Since when was http://www.langlang.com/ closed and why? When I first finished my draft months ago, I wanted to hear his answer to his fan’s critical query. Lang Lang is very active at taking care of his fan-club. Then what has been his favorite answer to this kind of curiosity? Everybody has ears and they hear what they hear. I’m pretty sure that his fan would question Lang’s musicianship if he answered that Barenboim was his mentor and he learned everything from his music, as he interviewed elsewhere:

http://www.langlang.com/ Cookie (05.06.2005): I have heard Lang Lang playing Tchaikovsky 1 several times, but just feel that the version in this recording is not that “Lang Lang style”. In this recording, of course still, his techniques and expression are excellent. Maybe that’s under Mr Barenboim’s baton, the first mov’t is a bit slow, not flow enough and it seems to me that is not truely what Lang Lang’s heart feels. By the way, it gives a very grand and maestoso mood which is also very appropriate for the piece. Well, it is common to have the conductor and pianist different in the understanding and they have to compromise with minimum respect to each other’s opinion at the end. Anyway, Medelssohn 1 is absolutely enjoyable and this is the best version I’ve ever heard!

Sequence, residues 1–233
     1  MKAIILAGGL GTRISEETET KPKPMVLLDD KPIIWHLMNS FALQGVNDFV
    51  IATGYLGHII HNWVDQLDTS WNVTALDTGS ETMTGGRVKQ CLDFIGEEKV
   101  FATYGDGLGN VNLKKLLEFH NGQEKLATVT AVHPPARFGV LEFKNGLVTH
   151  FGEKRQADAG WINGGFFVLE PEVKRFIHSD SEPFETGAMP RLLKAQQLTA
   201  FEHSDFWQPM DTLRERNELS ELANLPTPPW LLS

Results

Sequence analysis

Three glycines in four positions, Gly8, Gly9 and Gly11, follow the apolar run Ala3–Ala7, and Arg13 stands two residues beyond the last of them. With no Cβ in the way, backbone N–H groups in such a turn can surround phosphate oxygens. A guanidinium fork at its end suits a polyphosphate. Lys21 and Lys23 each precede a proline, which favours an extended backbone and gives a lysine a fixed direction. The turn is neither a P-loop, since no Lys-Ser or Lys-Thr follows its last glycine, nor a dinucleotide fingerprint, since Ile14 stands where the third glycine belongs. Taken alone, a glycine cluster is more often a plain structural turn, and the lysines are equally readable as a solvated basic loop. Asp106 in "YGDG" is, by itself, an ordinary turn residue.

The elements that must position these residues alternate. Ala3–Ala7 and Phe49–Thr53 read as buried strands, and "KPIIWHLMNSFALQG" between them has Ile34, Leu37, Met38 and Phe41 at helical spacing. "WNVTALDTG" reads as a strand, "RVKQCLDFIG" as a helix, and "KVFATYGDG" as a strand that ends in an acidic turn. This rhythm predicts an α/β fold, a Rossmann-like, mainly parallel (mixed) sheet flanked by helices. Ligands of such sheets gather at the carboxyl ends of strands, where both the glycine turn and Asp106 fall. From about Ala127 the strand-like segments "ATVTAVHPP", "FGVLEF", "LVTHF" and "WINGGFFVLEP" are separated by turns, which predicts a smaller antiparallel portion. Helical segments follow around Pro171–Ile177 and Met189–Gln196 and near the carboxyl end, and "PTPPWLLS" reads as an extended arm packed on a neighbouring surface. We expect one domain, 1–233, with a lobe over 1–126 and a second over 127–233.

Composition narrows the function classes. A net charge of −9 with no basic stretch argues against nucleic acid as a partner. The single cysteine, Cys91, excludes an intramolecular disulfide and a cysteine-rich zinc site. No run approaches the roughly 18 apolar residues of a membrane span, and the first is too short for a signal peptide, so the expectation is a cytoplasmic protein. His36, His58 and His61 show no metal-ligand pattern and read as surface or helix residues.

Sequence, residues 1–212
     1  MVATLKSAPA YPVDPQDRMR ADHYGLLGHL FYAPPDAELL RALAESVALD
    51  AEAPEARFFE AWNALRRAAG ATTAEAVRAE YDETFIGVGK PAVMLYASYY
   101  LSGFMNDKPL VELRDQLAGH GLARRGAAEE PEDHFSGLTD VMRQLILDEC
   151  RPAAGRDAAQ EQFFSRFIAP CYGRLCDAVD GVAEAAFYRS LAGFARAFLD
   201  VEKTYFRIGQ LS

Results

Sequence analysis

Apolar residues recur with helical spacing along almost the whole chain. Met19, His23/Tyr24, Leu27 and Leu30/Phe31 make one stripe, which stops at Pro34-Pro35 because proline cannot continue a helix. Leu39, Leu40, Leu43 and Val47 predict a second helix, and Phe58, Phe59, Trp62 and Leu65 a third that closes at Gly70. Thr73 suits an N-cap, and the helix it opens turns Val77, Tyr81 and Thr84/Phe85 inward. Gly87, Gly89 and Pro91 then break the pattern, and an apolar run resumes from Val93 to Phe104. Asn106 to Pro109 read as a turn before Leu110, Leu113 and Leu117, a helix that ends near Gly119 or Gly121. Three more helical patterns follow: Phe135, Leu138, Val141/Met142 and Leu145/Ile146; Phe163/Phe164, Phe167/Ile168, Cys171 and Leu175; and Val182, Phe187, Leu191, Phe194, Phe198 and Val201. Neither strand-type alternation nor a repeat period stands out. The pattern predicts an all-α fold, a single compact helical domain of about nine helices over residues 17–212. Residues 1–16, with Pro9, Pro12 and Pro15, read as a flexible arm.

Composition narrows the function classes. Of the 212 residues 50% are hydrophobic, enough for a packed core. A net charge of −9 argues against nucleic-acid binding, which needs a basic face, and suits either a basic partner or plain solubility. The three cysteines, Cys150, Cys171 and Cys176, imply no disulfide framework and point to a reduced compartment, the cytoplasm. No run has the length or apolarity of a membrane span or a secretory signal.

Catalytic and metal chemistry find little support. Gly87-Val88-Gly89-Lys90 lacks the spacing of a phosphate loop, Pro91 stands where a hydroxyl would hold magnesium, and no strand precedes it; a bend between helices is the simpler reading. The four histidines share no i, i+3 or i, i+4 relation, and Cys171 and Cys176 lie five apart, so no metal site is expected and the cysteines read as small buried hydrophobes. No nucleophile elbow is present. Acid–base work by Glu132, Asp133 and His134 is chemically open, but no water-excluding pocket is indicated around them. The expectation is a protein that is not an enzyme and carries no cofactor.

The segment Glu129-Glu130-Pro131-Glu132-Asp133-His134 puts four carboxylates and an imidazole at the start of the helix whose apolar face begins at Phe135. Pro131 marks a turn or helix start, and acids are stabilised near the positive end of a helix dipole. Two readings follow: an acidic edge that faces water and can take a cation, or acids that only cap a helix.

JIWON: Then, he’d rather be careful about his future interviews, for his big mouth is getting funnier and funnier… IMHO, Lang should thank his Chinese teacher for pushing him into mastering his huge repertoire. I am still thinking. Had he learned the quality of music, would he have made such a sensational debut like this, dubbed as a magician?

http://www.philly.com/mld/inquirer/news/magazine/daily/14364830.htm (Apr. 18, 2006)